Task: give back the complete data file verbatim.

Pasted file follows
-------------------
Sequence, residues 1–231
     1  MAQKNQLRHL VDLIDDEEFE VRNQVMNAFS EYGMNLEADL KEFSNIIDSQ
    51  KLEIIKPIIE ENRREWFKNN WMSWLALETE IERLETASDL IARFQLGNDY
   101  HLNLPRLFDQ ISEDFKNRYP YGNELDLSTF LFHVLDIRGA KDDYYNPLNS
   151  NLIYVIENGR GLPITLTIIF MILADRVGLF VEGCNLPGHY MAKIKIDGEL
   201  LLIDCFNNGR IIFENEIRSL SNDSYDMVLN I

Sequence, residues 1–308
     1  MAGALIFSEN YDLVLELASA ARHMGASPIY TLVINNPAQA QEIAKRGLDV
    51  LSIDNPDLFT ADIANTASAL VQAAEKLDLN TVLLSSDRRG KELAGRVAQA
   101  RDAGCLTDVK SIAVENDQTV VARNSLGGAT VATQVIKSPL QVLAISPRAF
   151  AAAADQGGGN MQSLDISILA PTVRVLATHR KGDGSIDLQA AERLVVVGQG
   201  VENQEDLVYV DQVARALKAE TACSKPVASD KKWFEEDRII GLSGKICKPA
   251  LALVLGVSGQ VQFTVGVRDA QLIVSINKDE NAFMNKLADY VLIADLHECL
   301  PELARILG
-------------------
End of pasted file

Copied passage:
Sequence, residues 1–231
     1  MAQKNQLRHL VDLIDDEEFE VRNQVMNAFS EYGMNLEADL KEFSNIIDSQ
    51  KLEIIKPIIE ENRREWFKNN WMSWLALETE IERLETASDL IARFQLGNDY
   101  HLNLPRLFDQ ISEDFKNRYP YGNELDLSTF LFHVLDIRGA KDDYYNPLNS
   151  NLIYVIENGR GLPITLTIIF MILADRVGLF VEGCNLPGHY MAKIKIDGEL
   201  LLIDCFNNGR IIFENEIRSL SNDSYDMVLN I

Sequence, residues 1–308
     1  MAGALIFSEN YDLVLELASA ARHMGASPIY TLVINNPAQA QEIAKRGLDV
    51  LSIDNPDLFT ADIANTASAL VQAAEKLDLN TVLLSSDRRG KELAGRVAQA
   101  RDAGCLTDVK SIAVENDQTV VARNSLGGAT VATQVIKSPL QVLAISPRAF
   151  AAAADQGGGN MQSLDISILA PTVRVLATHR KGDGSIDLQA AERLVVVGQG
   201  VENQEDLVYV DQVARALKAE TACSKPVASD KKWFEEDRII GLSGKICKPA
   251  LALVLGVSGQ VQFTVGVRDA QLIVSINKDE NAFMNKLADY VLIADLHECL
   301  PELARILG